A specific guide for how to avoid distraction in your life. 95% of it was how-to stuff I didn't find useful because I'm already doing all of it. If you're not, this book is much more useful to you. It had two interesting points for me: about dissatisfaction driving motivation, and filling your daily calendar with a template of how you want to spend your day.
Even when we think we’re seeking pleasure, we’re actually driven by the desire to free ourselves from the pain of wanting.
The drive to relieve discomfort is the root cause of all our behavior.
Dissatisfaction propels us to do everything we do.
Even selfless acts are motivated by our need to escape feelings of guilt and injustice.
To master distraction, we must learn to deal with discomfort.
Instead of suppressing urges, step back, notice, observe, and let the desire disappear naturally.
Doing research is often just a diversion from difficult work.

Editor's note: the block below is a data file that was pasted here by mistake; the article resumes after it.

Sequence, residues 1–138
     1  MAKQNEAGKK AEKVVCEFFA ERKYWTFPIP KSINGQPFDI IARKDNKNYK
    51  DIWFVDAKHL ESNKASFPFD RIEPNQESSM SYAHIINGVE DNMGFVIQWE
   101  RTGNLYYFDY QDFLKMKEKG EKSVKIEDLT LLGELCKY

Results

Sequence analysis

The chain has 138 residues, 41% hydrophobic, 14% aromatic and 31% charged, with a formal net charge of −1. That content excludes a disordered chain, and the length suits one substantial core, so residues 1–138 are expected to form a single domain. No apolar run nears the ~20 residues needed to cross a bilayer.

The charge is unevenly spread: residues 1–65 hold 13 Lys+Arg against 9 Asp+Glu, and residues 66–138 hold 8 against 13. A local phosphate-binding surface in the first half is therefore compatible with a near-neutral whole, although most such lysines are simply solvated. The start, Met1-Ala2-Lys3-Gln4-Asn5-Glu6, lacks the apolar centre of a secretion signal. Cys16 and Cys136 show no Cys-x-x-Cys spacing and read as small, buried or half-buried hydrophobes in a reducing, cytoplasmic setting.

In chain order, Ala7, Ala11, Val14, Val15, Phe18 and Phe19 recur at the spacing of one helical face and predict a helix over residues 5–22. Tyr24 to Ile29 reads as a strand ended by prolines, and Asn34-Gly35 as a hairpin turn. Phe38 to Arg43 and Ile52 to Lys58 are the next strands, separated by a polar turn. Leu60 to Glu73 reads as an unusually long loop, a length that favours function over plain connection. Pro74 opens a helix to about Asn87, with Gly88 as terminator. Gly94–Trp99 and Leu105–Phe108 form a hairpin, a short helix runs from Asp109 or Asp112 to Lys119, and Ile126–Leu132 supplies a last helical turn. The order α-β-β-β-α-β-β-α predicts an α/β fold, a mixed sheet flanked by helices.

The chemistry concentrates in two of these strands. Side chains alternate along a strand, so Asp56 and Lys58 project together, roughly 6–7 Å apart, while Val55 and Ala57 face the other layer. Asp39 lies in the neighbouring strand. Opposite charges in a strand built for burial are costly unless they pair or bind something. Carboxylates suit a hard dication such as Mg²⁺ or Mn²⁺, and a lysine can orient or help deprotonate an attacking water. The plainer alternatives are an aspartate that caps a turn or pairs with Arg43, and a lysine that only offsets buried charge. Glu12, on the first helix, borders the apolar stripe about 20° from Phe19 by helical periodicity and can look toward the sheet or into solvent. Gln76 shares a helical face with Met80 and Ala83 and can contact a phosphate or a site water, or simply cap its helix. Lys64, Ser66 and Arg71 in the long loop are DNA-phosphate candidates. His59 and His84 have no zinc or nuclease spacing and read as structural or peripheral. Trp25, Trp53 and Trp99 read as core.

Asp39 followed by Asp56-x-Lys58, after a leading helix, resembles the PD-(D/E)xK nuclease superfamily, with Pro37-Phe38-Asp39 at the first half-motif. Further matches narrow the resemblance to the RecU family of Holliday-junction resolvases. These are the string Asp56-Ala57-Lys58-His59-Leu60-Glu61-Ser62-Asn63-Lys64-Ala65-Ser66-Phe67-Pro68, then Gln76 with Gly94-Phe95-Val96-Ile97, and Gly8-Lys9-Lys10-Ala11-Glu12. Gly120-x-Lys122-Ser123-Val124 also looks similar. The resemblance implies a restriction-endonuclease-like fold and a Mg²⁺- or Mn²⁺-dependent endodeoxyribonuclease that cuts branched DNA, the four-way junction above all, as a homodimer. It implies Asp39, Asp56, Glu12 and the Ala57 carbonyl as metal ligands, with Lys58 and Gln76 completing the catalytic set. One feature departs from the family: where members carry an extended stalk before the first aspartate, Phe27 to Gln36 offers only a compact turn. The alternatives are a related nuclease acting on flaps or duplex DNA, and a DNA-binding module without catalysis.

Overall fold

In a smoking cessation study, the participants who had learned to acknowledge and explore their cravings managed to quit at double the rate of those in the American Lung Association’s best-performing cessation program.
Tell myself it’s fine to give in, but not right now. I have to wait just ten minutes.
When you gently pay attention to negative emotions, they tend to dissipate - but positive ones expand.
The cure for boredom is curiosity. There is no cure for curiosity.
Labeling yourself as having poor self-control actually leads to less self-control.
Only by setting aside specific time in our schedules for traction (the actions that draw us toward what we want in life) can we turn our backs on distraction.
Eliminate all white space on your calendar so you’re left with a template for how you intend to spend your time each day.
Success is measured by whether you did what you planned to do.
Ulysses pact: a freely made decision that is designed and intended to bind oneself in the future. It's pre-commitment.